M’CHIGEENG – The Anishinabek Nation Grand Council Chief Glen Hare said recent updates in the court battle over First Nations child welfare compensation has led him to question why courts exist if the decisions made within them are not followed.
“Why have courts if this is the case?” stated Grand Council Chief Hare, in regards to the federal government being in court this week in hopes of overturning the First Nations child welfare compensation order. The government is also in talks to settle the proposed class action lawsuit on First Nations child welfare.
“Why is the government spending millions of dollars when courts have already ruled in our favour? They should be honouring the rulings that have been made,” Grand Council Chief Hare told the Recorder. “Instead of following the rulings in court they are going to waste millions appealing the decision. (Prime Minister Justin) Trudeau wants good relations with First Nations, but when they do things like this they are going backward.”
This week Canadian government lawyers are set to argue against compensating First Nations children impacted by the on-reserve child welfare system. As reported previously, in September the Canadian Human Rights Tribunal ordered Ottawa to pay $40,000 to each First Nations child affected by the on-reserve child welfare system since 2006. The compensation order followed a 2016 tribunal decision that found the federal government discriminated against First Nations children by underfunding the on-reserve child welfare system.
Ottawa said the tribunal order could cost up to $8 billion and filed for a judicial review this past October, calling for the federal court to overturn the decision, leading to hearings that began Monday on related legal maneuvers.
Ottawa will argue before the federal court that it should stay—or pause—the tribunal order until the judicial review application gets decided.
“The important thing is as a country we need to be unified, come together, on a whole lot of issues,” said Grand Council Chief Hare. “The courts have ruled on this case, but the government says, ‘if you don’t agree with us, it isn’t going to happen’.”
Grand Council Chief Hare pointed out the compensation order would not include all First Nations persons in Canada. “A lot of people may think that $40,000 would go to every First Nations person, but it wouldn’t. It would only go to those affected by the child welfare system since 2006. I’m not one of the candidates for this funding. But many more of our people have gone through hell waiting.”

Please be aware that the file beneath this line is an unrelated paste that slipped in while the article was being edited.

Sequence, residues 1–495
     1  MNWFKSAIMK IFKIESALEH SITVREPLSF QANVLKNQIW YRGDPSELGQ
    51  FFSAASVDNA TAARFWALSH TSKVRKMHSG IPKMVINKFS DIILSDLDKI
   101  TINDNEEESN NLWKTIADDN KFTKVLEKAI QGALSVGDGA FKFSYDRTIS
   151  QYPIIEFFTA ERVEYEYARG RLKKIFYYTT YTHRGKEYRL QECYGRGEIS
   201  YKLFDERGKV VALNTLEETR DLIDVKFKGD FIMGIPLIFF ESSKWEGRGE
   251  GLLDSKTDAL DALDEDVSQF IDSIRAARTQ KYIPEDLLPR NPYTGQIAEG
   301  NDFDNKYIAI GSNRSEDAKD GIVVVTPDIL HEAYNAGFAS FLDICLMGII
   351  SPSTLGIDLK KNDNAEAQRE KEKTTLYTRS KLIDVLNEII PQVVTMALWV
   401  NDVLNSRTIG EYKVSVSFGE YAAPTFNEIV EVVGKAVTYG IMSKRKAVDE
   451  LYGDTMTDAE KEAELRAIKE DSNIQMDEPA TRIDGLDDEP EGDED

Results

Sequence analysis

The government has argued in court filings that the tribunal order was an overreach and that the original case was about systemic discrimination, which required a systemic fix, not individual compensation, which is the purview of class action law.
The federal court will also hear arguments from the First Nations Child and Family Caring Society and the Assembly of First Nations against the stay, so that Ottawa will be forced to discuss how a compensation model could work.
The tribunal has ordered all sides in the case—Ottawa, the First Nations Child and Family Caring Society and the Assembly of First Nations—to negotiate a method for dealing with the mechanics of the compensation and present it by December 10. Thus far, however, the government has not participated in discussions, and has decided to litigate, while the other parties have already begun the work of developing potential models, according to court records.
The tribunal additionally ordered that the parents or grandparents (depending on who was the primary guardian) whose children were taken unnecessarily from their care would be eligible for at least $20,000.
The ruling also ordered $40,000 in compensation for First Nations children, along with their parent or grandparent, who had to leave their homes or failed to get services that should have been covered by Jordan’s Principle between December 12, 2007 and November 2, 2017.
The hearings were scheduled to be held this week at the Supreme Court of Canada in Ottawa.